Saving is easy
“I didn’t realize how easy it is to seal a window.”
Tommy Conley, superintendent of Licking Valley RECC, says he kept hearing this comment as he showed approximately 350 people how to “button up” their homes by sealing windows, installing weatherstripping, and caulking. It was all part of the 2011 Morgan County Farm & Family Night. Also on hand to offer energy- and money-saving tips were experts from the co-op that generates and transmits the electricity for Licking Valley, East Kentucky Power Cooperative, which is headquartered in Winchester.
After the disaster, self-sufficiency
Between the occurrence of a disaster and the arrival of relief agencies, 72 hours normally elapse. During that time, people must depend on themselves.
To show them how to prepare, members from Meade County Rural Electric Co-op and myriad other organizations participated in the Meade County Emergency Preparedness Expo. The 100 participants learned about topics as diverse as how to access money and financial records, the supplies to have on hand, and even what their four-legged friends will need.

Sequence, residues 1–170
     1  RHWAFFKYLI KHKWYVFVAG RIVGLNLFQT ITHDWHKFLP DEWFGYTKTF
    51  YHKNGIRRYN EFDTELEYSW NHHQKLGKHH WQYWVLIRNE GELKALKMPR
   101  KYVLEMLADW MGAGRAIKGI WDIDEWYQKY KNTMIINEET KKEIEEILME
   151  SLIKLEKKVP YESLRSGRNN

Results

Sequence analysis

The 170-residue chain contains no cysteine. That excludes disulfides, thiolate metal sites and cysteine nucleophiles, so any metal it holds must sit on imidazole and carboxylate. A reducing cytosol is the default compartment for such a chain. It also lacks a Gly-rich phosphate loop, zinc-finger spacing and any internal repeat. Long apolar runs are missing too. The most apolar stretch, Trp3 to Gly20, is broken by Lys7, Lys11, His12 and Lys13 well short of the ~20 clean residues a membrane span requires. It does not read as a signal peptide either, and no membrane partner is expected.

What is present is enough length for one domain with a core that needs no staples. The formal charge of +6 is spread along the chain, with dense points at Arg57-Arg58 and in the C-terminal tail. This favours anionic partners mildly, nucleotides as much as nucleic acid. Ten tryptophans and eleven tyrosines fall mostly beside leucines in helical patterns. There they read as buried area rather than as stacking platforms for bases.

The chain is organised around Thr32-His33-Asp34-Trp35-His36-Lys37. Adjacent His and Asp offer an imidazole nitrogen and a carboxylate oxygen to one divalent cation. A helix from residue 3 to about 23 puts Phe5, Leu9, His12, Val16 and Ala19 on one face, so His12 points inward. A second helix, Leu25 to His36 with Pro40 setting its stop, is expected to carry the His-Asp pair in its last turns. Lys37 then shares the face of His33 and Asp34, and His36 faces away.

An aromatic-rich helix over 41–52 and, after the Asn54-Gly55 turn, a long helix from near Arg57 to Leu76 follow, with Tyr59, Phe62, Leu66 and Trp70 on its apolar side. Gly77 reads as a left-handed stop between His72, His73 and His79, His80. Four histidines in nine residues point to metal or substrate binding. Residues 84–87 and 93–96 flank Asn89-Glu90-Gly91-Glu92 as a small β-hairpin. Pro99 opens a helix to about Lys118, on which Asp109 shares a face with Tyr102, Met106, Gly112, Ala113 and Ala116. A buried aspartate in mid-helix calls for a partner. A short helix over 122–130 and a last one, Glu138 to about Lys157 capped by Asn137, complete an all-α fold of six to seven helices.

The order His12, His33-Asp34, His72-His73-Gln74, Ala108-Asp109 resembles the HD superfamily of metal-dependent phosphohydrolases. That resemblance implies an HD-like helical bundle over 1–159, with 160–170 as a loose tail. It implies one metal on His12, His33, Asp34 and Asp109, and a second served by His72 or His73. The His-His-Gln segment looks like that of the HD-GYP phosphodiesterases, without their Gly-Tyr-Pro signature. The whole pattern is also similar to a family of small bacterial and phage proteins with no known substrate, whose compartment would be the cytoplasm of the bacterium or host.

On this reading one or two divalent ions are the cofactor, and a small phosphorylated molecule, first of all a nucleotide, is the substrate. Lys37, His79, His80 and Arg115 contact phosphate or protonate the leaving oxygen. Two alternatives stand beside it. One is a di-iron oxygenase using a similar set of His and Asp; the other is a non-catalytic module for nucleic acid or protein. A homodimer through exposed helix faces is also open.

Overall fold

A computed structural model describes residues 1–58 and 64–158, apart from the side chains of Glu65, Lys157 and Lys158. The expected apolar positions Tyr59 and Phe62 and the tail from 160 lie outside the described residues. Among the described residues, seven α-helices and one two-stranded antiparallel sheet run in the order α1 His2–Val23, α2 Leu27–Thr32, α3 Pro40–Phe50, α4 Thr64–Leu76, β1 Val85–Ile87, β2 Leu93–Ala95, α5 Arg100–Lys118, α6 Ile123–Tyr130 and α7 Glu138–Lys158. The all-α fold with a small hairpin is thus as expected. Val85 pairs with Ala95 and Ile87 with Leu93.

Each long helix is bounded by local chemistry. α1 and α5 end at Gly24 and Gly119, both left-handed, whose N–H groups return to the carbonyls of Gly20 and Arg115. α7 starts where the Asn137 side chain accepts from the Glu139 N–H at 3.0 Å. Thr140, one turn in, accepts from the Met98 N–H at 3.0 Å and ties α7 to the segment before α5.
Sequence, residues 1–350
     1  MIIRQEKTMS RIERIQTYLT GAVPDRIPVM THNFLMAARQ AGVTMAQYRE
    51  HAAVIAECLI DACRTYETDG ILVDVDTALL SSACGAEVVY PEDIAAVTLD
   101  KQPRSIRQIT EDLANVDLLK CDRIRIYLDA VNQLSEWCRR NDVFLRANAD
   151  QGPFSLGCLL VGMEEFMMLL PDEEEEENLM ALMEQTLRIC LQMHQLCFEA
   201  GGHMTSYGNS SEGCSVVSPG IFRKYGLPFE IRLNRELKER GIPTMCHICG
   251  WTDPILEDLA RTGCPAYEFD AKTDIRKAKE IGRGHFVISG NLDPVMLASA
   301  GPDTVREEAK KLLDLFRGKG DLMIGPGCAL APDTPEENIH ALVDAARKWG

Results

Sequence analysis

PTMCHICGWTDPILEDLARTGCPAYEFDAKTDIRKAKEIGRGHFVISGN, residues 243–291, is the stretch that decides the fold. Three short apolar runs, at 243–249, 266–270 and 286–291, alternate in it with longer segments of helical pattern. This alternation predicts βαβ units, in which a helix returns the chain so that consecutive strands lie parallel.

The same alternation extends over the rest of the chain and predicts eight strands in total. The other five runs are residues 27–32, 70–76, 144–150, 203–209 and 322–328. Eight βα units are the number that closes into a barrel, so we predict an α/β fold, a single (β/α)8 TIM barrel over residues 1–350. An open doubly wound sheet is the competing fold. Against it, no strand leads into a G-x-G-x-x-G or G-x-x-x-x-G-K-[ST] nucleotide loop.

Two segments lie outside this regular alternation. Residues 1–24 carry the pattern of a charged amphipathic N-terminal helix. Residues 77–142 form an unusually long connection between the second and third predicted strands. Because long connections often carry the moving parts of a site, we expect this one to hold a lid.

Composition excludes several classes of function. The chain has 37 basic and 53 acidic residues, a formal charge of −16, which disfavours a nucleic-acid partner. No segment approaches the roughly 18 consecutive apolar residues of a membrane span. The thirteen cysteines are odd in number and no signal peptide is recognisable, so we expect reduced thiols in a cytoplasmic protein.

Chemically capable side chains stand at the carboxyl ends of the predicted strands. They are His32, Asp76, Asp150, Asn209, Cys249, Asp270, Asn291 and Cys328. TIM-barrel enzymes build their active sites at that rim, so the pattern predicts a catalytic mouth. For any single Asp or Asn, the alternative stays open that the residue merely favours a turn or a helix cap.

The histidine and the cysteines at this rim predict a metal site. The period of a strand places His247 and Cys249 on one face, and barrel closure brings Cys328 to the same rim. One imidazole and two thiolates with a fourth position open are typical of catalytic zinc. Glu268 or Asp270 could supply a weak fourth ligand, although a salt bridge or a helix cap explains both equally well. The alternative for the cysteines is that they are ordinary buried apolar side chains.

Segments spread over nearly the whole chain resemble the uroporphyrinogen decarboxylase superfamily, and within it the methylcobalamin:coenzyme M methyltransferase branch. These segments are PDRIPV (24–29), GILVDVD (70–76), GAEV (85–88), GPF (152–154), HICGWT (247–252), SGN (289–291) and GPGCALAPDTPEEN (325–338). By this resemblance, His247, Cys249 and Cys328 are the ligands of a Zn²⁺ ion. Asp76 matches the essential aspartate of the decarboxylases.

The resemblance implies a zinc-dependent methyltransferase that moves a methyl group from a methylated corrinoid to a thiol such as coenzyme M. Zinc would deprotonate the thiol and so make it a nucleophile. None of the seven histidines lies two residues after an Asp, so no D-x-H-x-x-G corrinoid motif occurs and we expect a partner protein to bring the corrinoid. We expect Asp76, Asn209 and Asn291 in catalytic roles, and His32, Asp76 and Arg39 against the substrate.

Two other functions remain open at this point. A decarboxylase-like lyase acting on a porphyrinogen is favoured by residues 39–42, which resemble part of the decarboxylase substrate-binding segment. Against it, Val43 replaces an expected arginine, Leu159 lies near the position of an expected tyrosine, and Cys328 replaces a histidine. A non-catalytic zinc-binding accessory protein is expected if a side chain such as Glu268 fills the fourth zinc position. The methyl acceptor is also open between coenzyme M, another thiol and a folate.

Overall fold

“People left with an understanding that they would have to assume some responsibility,” says Tim Gossett, vice president of member services and marketing for Meade County Rural Electric Co-op. “They also received information to help them be more self-sufficient in an emergency.”
Learning to cut costs
Warren Rural Electric Co-op’s Director of Communications Rick Carroll finds that after people learn ways to lower their electric bill and conserve energy, they will act. His observation proved true again as Warren Rural Electric Co-op set up a booth at the 2011 Home Expo sponsored by the Builders Association of South Central Kentucky.
“One gentleman listened to our information about heating and cooling systems and had a new system installed,” Carroll says. “That’s the thing we see. There are so many things that can make a difference in an electric bill…if people will just do them.”